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Evidence for the involvement of bacterial superantigens in psoriasis, atopic dermatitis, and Kawasaki syndrome

Jeremy M. Yarwood, Donald Y.M. Leung, Patrick M. Schlievert
DOI: http://dx.doi.org/10.1111/j.1574-6968.2000.tb09350.x 1-7 First published online: 1 November 2000


A growing body of evidence implicates streptococcal and staphylococcal superantigens in the development of psoriasis, atopic dermatitis and Kawasaki syndrome. In each of these illnesses, an abnormal state of immunologic activity is observed. Superantigens, which have a unique ability to activate large numbers of lymphocytes, are likely to contribute to these disorders in a number of ways. The demonstrated activities of bacterial superantigens include increasing the number of circulating lymphocytes, with activation of autoreactive subsets, upregulation of tissue homing receptors on circulating lymphocytes, and local activation of immune cells within affected tissues. Through these and other mechanisms, superantigens have a proven ability to induce high levels of inflammatory cytokines and/or initiate autoimmune responses that contribute to the development of skin and vascular disorders. Though development of the illnesses discussed in this review are highly complex processes, superantigens may well play a critical role in their onset or maintenance. Understanding superantigen function may elucidate potential therapeutic strategies for these disorders.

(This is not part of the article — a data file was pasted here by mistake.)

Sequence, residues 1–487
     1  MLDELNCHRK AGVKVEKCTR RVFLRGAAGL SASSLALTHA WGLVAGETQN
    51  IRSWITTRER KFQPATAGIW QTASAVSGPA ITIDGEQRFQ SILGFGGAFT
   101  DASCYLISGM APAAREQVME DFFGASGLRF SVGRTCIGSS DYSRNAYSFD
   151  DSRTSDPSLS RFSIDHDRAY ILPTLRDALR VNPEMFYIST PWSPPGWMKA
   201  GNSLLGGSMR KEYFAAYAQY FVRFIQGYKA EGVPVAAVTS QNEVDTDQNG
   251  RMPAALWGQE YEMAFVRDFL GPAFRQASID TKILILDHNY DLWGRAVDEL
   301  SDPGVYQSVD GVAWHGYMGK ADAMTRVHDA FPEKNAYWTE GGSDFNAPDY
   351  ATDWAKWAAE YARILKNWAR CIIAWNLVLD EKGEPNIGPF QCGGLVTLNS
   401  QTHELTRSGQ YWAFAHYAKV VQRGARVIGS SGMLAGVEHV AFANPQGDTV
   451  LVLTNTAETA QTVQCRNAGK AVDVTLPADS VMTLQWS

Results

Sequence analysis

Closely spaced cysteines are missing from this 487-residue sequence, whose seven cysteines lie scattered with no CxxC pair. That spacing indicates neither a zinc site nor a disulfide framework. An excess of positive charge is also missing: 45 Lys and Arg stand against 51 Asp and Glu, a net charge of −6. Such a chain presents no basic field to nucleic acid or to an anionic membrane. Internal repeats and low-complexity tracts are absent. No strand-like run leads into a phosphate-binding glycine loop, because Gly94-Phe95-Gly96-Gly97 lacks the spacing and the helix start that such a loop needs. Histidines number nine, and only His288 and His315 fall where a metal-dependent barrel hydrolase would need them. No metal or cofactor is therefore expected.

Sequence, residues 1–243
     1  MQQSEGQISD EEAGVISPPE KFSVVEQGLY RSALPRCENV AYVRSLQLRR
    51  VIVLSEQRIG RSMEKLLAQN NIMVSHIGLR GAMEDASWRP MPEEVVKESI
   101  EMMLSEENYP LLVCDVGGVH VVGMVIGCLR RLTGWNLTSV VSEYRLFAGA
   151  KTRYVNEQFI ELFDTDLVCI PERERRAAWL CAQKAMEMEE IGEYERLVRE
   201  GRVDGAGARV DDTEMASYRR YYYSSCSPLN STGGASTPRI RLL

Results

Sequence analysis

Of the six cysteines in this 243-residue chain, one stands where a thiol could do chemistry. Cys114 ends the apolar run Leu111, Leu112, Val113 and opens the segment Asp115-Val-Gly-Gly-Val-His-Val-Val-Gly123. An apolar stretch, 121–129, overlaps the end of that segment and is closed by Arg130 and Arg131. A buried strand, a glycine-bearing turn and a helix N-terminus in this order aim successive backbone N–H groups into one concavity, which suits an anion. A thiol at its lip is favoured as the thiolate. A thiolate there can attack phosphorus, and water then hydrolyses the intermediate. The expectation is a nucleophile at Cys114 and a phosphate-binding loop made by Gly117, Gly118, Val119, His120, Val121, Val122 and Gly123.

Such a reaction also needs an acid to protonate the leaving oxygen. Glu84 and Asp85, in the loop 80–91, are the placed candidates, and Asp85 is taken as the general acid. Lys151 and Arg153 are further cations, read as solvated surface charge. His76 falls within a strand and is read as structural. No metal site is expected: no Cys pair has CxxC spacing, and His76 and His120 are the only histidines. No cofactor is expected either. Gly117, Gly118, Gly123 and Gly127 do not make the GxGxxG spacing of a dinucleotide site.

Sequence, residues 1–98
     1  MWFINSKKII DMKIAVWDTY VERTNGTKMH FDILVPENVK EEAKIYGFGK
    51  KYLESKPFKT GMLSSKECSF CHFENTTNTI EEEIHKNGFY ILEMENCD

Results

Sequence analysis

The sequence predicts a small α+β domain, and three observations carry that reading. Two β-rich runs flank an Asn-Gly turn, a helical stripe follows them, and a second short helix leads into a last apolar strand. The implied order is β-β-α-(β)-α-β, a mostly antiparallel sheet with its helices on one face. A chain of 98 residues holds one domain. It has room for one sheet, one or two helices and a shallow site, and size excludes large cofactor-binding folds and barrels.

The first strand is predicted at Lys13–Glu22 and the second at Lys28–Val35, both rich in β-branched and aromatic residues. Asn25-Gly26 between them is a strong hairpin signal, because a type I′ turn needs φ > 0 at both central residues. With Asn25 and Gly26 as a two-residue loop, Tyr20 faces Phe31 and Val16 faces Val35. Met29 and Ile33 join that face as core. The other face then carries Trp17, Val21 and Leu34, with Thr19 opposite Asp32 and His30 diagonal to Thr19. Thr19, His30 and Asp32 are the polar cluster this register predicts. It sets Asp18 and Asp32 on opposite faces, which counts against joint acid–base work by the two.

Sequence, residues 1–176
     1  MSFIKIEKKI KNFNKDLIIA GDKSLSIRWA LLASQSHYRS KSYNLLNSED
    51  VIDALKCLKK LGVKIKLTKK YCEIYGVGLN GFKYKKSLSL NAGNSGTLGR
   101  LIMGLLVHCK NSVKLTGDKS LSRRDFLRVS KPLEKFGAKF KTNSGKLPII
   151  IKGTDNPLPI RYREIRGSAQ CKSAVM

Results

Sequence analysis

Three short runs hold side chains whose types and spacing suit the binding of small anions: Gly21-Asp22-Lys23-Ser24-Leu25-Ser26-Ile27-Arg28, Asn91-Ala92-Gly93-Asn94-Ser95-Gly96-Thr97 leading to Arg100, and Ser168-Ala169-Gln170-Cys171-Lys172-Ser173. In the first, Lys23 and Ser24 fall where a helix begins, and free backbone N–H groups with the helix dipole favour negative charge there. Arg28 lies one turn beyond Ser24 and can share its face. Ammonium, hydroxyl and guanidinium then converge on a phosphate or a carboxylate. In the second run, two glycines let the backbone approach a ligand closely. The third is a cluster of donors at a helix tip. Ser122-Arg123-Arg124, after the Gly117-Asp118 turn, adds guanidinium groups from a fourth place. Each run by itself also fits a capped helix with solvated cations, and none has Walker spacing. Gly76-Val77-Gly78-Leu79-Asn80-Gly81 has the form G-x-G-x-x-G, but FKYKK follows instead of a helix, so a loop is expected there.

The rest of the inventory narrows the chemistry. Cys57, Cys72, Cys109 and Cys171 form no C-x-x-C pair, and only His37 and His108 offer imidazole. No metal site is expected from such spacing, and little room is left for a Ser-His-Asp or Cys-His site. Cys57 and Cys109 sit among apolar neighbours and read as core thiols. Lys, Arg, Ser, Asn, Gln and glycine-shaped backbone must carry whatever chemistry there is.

• Superantigen
  • Psoriasis
  • Atopic dermatitis
  • Kawasaki syndrome
  • Streptococcus pyogenes
  • Staphylococcus aureus

1 Introduction